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Replace Casey with a smaller, more pedestrian-friendly bridge

Posted by Alan Wirzbicki  April 6, 2011 01:20 PM

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Opportunities to reshape a part of Boston do not come along very often. But reconfiguring the Casey Overpass in Jamaica Plain presents a chance to finally realize the vision of landscape architect Frederick Law Olmsted by knitting together the broken link in his famed Emerald Necklace.

In 1893, Charles Eliot, an apprentice of Olmsted, succeeded in convincing the Massachusetts legislature to create a metropolitan parks system in Boston comprised of linked parkways that would offer the public solace and respite from the daily stresses of life.

But the visions of Olmsted and Eliot never took hold in this small stretch of elevated roadway, which has connected the Arnold Arboretum with Franklin Park since it was built in the 1950s.

A redesigned connection, via a smaller bridge that provides for a pleasant experience for pedestrians and bikers, would immensely improve the environment. Also, this link could provide a great opportunity for education — spanning the Forest Hills MBTA station, the overpass is at a nexus point of the parks system and the urban transportation system. Planners should consider installing displays that highlight the city’s transportation history as well as the evolution of the parks system. Children and adults could enjoy the Arboretum and learn about horticulture, and then learn about city history on the way to the Franklin Park Zoo.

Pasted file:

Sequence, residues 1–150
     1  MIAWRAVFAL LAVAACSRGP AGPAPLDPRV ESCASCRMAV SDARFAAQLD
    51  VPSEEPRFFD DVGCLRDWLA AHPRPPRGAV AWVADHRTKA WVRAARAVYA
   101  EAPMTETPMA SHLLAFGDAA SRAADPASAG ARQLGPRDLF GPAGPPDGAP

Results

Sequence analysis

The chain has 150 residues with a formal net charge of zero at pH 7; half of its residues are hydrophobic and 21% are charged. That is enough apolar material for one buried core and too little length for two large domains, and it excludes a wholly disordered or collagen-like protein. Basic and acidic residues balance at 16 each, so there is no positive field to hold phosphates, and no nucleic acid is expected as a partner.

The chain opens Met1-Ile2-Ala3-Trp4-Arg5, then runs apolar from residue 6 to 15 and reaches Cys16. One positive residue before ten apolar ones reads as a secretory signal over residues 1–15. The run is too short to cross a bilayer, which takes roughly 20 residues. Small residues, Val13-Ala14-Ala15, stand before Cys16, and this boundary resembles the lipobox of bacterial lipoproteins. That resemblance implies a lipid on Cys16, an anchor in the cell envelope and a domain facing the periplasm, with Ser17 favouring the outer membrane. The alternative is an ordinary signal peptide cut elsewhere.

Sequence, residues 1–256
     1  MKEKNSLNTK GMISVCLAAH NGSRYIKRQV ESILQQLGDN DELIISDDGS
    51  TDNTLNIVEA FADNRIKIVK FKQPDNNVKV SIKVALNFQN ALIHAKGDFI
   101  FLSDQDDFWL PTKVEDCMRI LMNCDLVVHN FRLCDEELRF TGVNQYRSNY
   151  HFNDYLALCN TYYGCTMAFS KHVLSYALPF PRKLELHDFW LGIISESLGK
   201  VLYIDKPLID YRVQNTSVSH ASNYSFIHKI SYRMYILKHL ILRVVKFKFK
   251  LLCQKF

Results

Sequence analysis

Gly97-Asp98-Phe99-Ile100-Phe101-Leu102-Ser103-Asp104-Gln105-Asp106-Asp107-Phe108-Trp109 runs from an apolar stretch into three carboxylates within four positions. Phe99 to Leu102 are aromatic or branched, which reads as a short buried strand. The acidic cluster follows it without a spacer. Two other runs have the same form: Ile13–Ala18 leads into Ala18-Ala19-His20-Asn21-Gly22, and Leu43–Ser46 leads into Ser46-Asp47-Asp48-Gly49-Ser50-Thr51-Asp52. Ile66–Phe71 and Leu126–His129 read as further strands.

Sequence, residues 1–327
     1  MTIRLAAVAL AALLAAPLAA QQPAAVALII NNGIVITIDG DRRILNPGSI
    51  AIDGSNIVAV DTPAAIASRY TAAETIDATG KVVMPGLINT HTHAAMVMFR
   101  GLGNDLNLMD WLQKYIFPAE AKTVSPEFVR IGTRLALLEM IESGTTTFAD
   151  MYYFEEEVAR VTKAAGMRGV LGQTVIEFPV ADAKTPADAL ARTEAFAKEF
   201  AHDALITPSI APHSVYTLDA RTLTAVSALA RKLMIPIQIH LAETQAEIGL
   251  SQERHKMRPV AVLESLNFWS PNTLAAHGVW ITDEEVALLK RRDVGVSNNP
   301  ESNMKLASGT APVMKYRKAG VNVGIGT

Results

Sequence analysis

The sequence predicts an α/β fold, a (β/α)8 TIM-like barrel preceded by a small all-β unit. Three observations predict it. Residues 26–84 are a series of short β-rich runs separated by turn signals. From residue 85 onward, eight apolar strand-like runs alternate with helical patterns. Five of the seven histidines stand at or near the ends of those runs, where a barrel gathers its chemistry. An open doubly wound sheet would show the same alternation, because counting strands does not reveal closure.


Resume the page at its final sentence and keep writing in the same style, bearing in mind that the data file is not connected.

As the Department of Transportation analyzes possible replacements to the bridge, an optimal solution would be to design a structure that addresses the needs for enhancing the environmental and parks aspects while taking advantage of other amazing opportunities that exist in the neighborhood.

Ilyas Bhatti is a former commissioner of the Metropolitan District Commission and a professor of construction management at Wentworth Institute of Technology.

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ABOUT THE ANGLE Online commentary and news analysis from the Boston Globe. The Angle is produced by Rob Anderson and Alan Wirzbicki. You can follow Rob on Twitter at @rcand.

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